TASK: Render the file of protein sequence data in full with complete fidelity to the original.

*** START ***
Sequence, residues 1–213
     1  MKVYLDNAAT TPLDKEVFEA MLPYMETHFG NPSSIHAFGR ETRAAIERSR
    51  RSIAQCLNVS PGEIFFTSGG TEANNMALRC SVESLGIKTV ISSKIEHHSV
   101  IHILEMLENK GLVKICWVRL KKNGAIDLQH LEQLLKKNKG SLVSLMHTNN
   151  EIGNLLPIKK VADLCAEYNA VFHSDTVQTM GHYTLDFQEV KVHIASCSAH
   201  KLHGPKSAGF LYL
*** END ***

Sequence, residues 1–213
     1  MKVYLDNAAT TPLDKEVFEA MLPYMETHFG NPSSIHAFGR ETRAAIERSR
    51  RSIAQCLNVS PGEIFFTSGG TEANNMALRC SVESLGIKTV ISSKIEHHSV
   101  IHILEMLENK GLVKICWVRL KKNGAIDLQH LEQLLKKNKG SLVSLMHTNN
   151  EIGNLLPIKK VADLCAEYNA VFHSDTVQTM GHYTLDFQEV KVHIASCSAH
   201  KLHGPKSAGF LYL